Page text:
BOOSTER PUMP TROUBLESHOOTING
 

Booster Pump Troubleshooting

 

Booster Pump Troubleshooting

Please use caution when checking anything electrical.  Pumps use 115 volts AC which can injure or kill.
Always turn off circuit breaker (or remove fuse) that feeds the pump before servicing or inspecting it.  Some of these troubleshooting items will involve voltage testing.  If you are not comfortable doing that, hire a professional electrician.

Refer to owners' manual section on how to interpret the panel lights for more information.

Symptom
Possible Cause
Corrective Actions To Check/Try

No lights are lit up on control head

Pump is unplugged

Plug pump securely into grounded 115v outlet.  Test outlet by plugging in another item that works on another outlet (a lamp, drill, etc.)

No power at outlet

Check circuit breaker that services the oulet and reset as needed.  Check wiring to outlet if needed.

Pump does not turn on when water is running

Pump does not have power

See section above called "No lights are lit up on control head"

Water flow is not greater than ¼ gallon per minute

Open a faucet or two wide open to flow more water.  Pump should start and run.  If it does not, continue troubleshooting.

Bypass pipe around booster pump is open

If pump was installed with a bypass pipe and valve, close the valve so the water flow must go through the pump.

If motor hums but does not run, when water flows, pump may not be getting adequate electricity.

Confirm that pump is plugged directly into an outlet (no extension cord) and that the outlet is fed by wire of heavy enough gauge.

Problem with control head or motor

If all other troubleshooting indicates no problems, motor or control head may be faulty.  Replace unit.

Pump does not shut off when water flow stops

Standard delay built into system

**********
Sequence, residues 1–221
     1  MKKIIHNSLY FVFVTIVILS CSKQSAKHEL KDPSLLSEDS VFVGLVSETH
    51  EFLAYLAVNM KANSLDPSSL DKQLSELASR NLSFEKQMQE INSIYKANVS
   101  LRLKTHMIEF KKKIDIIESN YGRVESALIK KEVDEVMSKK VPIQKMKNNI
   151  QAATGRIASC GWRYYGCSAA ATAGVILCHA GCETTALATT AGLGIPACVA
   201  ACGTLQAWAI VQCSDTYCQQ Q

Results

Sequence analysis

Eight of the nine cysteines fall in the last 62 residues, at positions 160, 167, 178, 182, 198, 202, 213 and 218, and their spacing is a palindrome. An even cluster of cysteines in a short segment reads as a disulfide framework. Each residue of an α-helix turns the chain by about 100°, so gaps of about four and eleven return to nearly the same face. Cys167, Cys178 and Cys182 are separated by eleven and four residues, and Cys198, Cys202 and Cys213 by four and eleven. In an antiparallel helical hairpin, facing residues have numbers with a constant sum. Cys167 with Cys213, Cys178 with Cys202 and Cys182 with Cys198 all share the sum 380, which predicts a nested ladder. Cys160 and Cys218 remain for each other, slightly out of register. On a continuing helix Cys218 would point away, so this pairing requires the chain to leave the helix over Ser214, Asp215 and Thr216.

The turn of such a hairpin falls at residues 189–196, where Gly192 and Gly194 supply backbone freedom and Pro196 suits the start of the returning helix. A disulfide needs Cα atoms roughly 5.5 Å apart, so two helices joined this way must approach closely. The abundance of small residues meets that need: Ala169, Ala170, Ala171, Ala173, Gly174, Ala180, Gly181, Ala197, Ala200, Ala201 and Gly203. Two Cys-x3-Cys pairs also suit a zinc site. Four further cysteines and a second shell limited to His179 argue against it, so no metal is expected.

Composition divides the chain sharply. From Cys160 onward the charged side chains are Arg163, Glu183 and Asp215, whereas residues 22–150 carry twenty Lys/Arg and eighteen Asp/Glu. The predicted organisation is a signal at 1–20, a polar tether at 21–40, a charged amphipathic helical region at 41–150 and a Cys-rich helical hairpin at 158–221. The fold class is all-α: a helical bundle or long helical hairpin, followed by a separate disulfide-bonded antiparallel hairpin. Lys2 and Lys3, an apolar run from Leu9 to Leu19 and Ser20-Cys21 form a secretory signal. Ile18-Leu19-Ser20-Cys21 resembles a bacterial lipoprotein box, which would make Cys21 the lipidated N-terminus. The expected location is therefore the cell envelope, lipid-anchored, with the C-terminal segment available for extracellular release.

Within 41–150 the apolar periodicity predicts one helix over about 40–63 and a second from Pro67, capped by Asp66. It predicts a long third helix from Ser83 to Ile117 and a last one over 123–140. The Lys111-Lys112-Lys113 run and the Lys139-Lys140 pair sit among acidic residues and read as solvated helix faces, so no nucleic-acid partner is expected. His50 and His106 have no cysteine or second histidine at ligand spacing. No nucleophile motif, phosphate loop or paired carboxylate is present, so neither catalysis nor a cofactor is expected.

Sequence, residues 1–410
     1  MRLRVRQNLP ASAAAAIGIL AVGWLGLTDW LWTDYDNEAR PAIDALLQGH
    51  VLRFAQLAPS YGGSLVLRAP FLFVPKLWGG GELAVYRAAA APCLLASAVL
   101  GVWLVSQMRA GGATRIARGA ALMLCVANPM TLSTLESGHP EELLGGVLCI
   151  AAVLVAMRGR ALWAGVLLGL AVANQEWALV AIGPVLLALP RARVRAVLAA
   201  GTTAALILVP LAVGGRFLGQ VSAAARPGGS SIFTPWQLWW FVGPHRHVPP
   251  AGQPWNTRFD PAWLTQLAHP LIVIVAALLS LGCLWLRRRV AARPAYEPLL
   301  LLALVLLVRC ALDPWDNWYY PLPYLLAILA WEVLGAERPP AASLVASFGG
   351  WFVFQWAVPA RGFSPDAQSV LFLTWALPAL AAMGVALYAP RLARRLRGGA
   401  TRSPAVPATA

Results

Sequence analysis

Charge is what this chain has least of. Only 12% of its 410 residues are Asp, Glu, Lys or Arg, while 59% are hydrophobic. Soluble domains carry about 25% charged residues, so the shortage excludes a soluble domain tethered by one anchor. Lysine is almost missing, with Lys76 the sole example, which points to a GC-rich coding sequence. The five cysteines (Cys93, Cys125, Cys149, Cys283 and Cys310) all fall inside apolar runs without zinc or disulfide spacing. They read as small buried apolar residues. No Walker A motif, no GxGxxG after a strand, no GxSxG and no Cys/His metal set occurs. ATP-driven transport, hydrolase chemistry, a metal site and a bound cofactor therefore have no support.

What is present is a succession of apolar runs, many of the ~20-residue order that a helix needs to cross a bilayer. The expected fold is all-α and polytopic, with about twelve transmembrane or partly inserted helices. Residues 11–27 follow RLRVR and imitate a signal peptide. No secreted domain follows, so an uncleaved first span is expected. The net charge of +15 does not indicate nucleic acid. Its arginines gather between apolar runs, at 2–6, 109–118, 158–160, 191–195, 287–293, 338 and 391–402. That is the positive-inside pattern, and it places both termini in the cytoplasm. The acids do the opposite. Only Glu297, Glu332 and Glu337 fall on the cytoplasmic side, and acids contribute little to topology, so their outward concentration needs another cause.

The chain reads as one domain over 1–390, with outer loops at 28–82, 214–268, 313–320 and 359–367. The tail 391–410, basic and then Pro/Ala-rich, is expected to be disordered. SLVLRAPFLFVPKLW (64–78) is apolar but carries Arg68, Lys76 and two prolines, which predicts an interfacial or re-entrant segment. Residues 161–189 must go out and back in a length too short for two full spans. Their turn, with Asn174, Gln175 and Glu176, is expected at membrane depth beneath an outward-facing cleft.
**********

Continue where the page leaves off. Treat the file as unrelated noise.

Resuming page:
If pump runs for a few seconds after water flow has stopped, but does then shut off, this is normal.  Nothing is wrong with the pump.

Pump is not mounted upright

There is a flow valve in the discharge of the pump that returns to its 'off' position by gravity.  Pump must be installed with discharge pointing straight up.

Valve switch is stuck with debris, scale, etc.

Remove discharge pipe from pump.  There is a brass poppet valve right there that should return to it's "down" position by gravity.  If pipe scale, rust, or other deposits have that blocked open, the pump cannot shut off. Clean out the area so valve can shut.

Pump runs when water flows but pressure does not seem to be boosted

Flowing too much water

The more water that is being moved, the less pressure the pump can actually add.  Try running with fewere fixtures open and see if pressure is better.  If using pump for an irrigation system, close off some valves to limit the number of heads running and see if pressure is better.  Nothing is wrong with the pump in this case, you simply need to flow less water for the pressure to be boosted.

Bypass pipe around booster pump is partly open

If pump was installed with a bypass pipe and valve, close the valve completely so all the water flow must go through the pump.

Pump is worn

If pump is worn from much use, or because dirty or sandy water has been pumped through it, it simply may need to be rebuilt.  Purchase overhaul kit and rebuild pump.

Pump acts erratically. Does not start/stop according to description

Pump may be mounted before a pressure tank

In any system that has a pressure tank, booster should be installed on outlet (household) side of the tank, not on the inlet (pump or other supply) side of it.

Pressure in the house is too high when pump runs

When it operates, the pump will boost by as much as 40 psi.  That pressure, in addition to the inlet pressure, is getting too high.

It may be necessary to lower or regulate the pressure on the inlet side of the pump.  Do not try to restrict the booster pump's output.

Booster pump is not shutting off when it should

See troubleshooting item above called "Pump does not shut off when water flow stops"